• From lines 6-17, the getWeatherData async function uses fetch to call the API Ninjas’ weather API passing the city that is passed in as a parameter to the function. It returns the data received from the API call after adding the city to it. This function runs on the server and it used the API_NINJAS_API_KEY Next.js environment variable to make the call to the API.
  • In the Home component, city is fetched from the URL query parameter if it exists else the city variable gets a fallback value of London on line 20.
  • On line 21, the getWeatherData function is called with the city constant set on line 20.
  • The name of the city and the current temperature in that city are rendered, on lines 24-28
  • On lines 60-71, the GA4 tag is placed which uses the public Next.js environment variable twice. Once for the Google tag manager and again at line 69 for the GA config.

With these changes now you have used both the server side and client (browser) side Next.js environment variable in a small but useful and working application. All the code is available in the public GitHub repository.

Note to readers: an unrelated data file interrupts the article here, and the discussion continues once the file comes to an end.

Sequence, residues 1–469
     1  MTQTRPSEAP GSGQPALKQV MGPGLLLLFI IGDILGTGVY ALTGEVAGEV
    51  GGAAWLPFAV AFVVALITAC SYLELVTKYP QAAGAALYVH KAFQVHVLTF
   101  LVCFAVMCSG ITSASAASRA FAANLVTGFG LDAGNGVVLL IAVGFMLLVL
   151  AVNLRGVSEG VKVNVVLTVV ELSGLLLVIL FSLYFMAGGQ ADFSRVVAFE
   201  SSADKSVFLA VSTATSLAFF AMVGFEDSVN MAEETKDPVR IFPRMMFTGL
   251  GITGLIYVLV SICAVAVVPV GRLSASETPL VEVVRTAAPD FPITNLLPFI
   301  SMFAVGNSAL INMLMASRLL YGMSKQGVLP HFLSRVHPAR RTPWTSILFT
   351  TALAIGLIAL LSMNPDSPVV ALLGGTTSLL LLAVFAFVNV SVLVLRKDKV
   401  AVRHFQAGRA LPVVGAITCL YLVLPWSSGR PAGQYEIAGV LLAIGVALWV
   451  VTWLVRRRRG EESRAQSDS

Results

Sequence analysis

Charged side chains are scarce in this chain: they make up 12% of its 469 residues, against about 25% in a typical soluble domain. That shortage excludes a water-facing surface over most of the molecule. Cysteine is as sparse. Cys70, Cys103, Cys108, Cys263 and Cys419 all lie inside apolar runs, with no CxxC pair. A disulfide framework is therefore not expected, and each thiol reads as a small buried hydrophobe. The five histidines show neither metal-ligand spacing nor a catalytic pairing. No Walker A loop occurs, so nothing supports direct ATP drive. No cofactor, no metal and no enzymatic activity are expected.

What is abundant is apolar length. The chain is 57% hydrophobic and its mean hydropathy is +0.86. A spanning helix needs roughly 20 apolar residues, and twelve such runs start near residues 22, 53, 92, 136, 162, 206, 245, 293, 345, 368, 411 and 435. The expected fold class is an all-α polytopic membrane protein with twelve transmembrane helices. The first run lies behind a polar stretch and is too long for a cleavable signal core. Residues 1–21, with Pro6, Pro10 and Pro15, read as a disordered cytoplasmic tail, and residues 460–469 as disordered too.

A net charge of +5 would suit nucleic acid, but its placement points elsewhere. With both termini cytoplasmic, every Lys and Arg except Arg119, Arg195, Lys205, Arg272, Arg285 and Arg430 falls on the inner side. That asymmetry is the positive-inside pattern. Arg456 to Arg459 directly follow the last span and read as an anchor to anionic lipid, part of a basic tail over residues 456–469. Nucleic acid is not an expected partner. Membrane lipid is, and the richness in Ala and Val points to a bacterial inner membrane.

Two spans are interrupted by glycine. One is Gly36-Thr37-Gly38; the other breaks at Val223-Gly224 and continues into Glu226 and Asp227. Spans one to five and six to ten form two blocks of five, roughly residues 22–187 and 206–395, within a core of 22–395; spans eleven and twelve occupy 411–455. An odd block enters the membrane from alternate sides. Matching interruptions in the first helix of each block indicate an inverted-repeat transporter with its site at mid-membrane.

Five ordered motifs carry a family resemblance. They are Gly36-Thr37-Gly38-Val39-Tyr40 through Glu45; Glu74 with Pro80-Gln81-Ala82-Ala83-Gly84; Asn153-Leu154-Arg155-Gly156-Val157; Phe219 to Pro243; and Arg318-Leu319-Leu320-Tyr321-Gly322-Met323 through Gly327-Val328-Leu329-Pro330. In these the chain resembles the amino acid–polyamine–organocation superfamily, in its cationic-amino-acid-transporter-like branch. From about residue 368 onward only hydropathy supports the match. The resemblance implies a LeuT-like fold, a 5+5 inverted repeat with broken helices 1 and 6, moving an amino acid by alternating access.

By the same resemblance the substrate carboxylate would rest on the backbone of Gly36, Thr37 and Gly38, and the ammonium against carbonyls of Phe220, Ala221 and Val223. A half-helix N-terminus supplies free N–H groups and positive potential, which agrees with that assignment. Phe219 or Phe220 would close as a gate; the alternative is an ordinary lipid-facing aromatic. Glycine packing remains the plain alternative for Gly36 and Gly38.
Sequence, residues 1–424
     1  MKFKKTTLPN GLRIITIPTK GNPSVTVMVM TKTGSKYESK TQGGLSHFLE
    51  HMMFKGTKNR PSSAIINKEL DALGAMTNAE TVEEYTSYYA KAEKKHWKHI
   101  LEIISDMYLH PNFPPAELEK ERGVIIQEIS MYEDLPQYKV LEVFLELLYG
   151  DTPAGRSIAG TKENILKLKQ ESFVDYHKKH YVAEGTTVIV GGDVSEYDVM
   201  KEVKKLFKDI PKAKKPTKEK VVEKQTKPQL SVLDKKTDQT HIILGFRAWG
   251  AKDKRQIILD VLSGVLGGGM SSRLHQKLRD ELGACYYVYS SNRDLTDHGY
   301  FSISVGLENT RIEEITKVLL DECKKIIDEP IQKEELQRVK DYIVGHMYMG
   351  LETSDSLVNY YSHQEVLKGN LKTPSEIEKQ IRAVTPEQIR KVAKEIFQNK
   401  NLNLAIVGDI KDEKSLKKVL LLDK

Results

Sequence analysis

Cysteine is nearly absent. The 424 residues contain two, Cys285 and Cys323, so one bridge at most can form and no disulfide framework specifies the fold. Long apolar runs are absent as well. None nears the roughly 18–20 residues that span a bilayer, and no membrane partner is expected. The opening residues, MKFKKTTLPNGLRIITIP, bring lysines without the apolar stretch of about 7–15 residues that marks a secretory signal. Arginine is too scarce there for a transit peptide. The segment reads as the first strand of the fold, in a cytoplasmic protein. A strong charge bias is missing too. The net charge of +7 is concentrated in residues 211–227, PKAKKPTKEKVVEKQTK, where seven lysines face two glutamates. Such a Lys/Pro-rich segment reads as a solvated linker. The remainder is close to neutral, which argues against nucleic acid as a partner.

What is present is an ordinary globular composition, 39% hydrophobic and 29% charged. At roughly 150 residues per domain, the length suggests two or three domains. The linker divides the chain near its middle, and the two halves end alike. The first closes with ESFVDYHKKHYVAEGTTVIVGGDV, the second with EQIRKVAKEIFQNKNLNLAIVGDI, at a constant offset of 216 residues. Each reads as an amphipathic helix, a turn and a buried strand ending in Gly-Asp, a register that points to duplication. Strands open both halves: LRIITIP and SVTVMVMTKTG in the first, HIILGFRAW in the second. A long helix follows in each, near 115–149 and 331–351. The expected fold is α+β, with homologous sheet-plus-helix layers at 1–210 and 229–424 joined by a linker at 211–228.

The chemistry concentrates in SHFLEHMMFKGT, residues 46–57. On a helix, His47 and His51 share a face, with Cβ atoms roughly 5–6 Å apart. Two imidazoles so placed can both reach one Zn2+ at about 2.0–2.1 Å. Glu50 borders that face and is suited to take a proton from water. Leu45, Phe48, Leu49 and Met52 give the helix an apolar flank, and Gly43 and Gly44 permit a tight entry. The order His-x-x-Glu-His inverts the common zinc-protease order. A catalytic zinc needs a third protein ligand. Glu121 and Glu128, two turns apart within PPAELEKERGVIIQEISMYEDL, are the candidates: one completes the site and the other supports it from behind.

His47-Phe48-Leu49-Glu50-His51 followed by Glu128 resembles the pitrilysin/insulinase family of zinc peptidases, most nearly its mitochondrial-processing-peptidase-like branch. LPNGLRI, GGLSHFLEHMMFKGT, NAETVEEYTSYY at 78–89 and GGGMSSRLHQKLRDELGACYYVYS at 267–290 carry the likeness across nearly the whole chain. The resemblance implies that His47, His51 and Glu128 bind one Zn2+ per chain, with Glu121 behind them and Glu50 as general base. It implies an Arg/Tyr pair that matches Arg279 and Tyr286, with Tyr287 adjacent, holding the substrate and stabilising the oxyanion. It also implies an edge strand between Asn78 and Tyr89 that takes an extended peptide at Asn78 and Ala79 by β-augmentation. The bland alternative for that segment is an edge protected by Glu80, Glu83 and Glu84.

You can easily deploy this app on Vercel by clicking the “Deploy” button on the readme or find it running on Vercel. You can clone/fork the repo and change the to fit your needs.

Hurray! You have learned how to use the Next.js environment variable with the help of an example working app that fetches the live weather for any given city and sends back analytics to GA 4.

Conclusion #

In this guide, you learned about Next.js and its popularity. Then you also gained some knowledge about environment variables for web applications and specifically for Next.js. After that, you learned both types of Next.js environment variables (server and client ones which are public) and the order of precedence to use them.

Then you looked at an example of a Next.js app that pulls in the current weather for any given city using both server-level and client/browser-level environment variables.

I hope you learned something new, keep absorbing more knowledge. If you have any questions or comments please leave them below.